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Old 09-16-2008, 03:13 PM
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Old 09-16-2008, 08:19 PM
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Quote:
Originally Posted by rfuerst911sc View Post
After yesterdays debacle on Wall street and the financial crisis of the past year or so how nervous should I be with my money with Morgan Stanley? My portfolio is moderate in risk and spread over a fairly broad investment scheme but that won't do much if they go belly up I think they are posting this quarters numbers tomorrow and I believe they are posting a profit but greatly reduced from initial estimates. So what to do...........if anything?
Be afraid; be very afraid.

We are seeing hundreds of billions of dollars in losses being transferred from private companies to the public (taxpayers) with every bailout.

(Even LEH wasn't a real bankruptcy; the Fed has given $138 billion to Morgan Chase & Co. to settle Lehman trades; without this money, Lehman would have defaulted on its transactions. This is just another government bailout -- a particularly sneaky one in that the government is lying to the public telling the public that they "haven't bailed out LEH.")

For the past few decades there have been too many people who have just "blindly" handed their money over to investment companies (your comments make me suspect you may be in this crowd). Most of the investment companies have mis-managed the money under their control and have effectively lost their clients money. While losing their clients money, they have been lining their own pockets and presenting the image that "Everything is just fine."

Everything is not fine. The government bailouts are just another move to keep the lie alive and hide the true state of affairs from the public.

If you don't know exactly what you own in "investments" and have a rock-solid understanding of the reasons why you own what you own, you should get out of whatever you're in and get into something you understand completely. (Preferably, some type of hard asset, as the current failures are likely to topple our entire fiat money system.)
Old 09-16-2008, 11:18 PM
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It would have costed the "taxpayers" much more than $138bn if the system collapsed.

I really don't understand all these people that cry foul without really knowing what is going on.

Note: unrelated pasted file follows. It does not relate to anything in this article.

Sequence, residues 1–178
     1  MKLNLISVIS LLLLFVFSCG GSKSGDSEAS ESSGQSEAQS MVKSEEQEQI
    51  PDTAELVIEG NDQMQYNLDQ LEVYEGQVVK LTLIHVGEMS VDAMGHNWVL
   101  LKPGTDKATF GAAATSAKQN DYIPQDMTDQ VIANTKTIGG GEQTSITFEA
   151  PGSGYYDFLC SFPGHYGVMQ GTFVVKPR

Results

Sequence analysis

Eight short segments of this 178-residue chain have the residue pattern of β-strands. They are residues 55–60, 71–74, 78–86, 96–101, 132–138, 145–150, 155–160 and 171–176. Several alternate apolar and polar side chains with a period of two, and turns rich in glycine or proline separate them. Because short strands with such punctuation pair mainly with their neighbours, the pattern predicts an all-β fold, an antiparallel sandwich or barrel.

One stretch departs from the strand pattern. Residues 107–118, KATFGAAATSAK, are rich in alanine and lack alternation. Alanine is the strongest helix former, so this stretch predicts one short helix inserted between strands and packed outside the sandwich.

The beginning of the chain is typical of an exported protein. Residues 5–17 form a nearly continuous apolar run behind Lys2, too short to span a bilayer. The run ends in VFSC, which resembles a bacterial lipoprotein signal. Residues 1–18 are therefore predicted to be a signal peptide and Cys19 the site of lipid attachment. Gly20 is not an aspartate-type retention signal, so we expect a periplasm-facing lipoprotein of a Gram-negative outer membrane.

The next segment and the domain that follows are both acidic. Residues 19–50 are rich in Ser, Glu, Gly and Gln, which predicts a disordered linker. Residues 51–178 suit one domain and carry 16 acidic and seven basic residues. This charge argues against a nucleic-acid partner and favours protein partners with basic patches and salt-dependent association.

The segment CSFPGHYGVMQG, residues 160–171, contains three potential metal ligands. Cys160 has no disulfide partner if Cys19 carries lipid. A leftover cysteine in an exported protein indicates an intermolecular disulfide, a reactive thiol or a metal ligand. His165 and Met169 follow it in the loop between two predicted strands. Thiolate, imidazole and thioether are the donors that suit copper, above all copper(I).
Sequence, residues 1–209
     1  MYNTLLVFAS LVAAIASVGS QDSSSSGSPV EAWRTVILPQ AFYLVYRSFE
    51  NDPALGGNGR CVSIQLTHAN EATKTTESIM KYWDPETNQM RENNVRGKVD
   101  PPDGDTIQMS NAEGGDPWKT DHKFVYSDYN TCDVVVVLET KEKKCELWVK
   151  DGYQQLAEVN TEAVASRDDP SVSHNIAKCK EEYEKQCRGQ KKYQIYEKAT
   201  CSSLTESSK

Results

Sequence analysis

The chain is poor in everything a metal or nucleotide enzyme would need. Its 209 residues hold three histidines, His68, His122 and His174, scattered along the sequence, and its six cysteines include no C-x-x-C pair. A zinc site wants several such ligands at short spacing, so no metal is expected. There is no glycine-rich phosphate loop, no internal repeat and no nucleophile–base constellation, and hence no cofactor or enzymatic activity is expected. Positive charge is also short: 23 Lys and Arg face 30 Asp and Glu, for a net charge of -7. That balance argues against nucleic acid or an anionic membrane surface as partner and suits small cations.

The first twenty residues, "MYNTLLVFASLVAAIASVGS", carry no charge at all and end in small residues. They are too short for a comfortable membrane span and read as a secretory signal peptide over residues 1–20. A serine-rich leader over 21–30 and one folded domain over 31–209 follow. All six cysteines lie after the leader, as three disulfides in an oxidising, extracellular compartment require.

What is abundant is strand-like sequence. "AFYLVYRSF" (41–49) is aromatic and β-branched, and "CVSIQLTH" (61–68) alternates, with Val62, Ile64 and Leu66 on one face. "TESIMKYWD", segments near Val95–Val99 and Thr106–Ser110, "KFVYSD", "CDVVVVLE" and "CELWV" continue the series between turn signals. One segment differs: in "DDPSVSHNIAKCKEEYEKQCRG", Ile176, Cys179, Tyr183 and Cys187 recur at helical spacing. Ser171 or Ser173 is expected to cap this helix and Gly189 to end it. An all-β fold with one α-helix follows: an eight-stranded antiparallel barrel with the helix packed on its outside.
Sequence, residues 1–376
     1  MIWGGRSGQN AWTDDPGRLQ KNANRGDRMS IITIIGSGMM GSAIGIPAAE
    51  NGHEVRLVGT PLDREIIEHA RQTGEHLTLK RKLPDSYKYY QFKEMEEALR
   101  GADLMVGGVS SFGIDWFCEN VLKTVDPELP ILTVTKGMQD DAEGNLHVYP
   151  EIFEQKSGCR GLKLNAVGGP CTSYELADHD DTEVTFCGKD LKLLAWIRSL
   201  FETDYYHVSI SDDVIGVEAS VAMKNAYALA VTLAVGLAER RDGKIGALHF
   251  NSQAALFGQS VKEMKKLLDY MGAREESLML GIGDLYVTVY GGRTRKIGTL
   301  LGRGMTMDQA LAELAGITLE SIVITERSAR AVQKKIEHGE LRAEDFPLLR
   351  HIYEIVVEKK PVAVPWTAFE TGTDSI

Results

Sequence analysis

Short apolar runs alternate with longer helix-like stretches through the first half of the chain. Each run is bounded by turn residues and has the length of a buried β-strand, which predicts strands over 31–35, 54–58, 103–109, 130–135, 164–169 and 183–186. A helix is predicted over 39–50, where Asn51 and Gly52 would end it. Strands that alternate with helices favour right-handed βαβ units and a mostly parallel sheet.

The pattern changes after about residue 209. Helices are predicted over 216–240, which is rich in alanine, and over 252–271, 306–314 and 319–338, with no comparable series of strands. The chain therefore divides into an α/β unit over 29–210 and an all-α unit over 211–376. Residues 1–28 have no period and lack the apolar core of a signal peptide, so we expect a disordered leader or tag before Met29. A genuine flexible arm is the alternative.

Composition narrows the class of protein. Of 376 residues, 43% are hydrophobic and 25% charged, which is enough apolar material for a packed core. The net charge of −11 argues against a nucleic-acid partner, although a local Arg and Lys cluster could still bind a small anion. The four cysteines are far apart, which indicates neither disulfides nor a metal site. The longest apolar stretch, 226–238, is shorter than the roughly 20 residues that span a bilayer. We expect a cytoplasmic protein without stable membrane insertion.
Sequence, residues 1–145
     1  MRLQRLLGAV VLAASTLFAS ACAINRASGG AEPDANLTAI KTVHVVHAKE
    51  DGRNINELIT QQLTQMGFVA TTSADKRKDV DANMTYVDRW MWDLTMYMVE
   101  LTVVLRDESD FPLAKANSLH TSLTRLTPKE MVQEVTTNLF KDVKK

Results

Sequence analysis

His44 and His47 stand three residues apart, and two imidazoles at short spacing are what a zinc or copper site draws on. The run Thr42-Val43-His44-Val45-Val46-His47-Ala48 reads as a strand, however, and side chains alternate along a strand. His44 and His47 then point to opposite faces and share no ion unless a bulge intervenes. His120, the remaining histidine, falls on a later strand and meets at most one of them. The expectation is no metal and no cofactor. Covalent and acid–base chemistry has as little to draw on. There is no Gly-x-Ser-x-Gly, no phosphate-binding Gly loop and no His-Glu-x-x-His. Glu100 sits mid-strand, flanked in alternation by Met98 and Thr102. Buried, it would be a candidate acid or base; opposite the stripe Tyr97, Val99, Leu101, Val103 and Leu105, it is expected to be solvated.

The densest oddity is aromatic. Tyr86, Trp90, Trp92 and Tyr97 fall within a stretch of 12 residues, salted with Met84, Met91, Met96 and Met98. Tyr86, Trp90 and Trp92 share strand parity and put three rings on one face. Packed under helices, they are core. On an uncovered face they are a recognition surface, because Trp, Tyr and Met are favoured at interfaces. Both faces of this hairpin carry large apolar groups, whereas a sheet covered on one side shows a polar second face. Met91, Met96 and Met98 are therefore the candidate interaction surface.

The CDS (Credit Default Swap) market is a $62 trillion ($62,000 billion or $62 million millions) mkt. Letting Bear, Freddie and Fannie, Lehman, AIG or any other big institution fail big time will likely unravel the whole system.

You can let this happen. Period.

Is this Moral Hazard? Maybe actually hell yes.

Were mistakes made and too risky positions taken? Yes

Are the authorities (read Fed and Govts) to blame for letting this go out of control? Yes

Have the investments banks, commercial banks, insurer, real estate developers, real estate speculators, mortgage brokers, mortgage borrowers and verybody else acted on greed and for their own benefit? YES

The toy is broken, but right now we cannot afford to throw it away. We need to try and fix it. And for a while a Govt guarantee seems to be working...

The day I worry is when CDS on US Treasuries will start trading in the 100s, the $ gets spanked, and people lose their faith in the US system...

Then we are all in trouble...

You see taxpayers money is a fictional concept when you can just print it, isn't it? The drawback of that is inflation, but with crude down 40% in 3 months and the economy heading straight for a recession I think the authorities are just saying "screw" inflation and lets save the system.

Yesterday the Fed didn't cut the rates (i.e. did not print more money) and talked tough hoping to curtail some of the moral hazard.

It worked for a couple of hours with the stock mkt rallying... we'll see today.

To go back to the original poster question I agree with Competentone. You need to understand where your money is invested. Morgan Stanley's health as an institution as only an indirect effect on the value of your portfolio.

Unless you have given them strict guidelines you'll be down quite a bit, like everybody else.

It's funny but 18 months ago if you were not making 10+% return on your capital you were an idiot. With Fed funds at 2% I used to wonder if people realized the risk they were taking on... you just do not make money from nothing...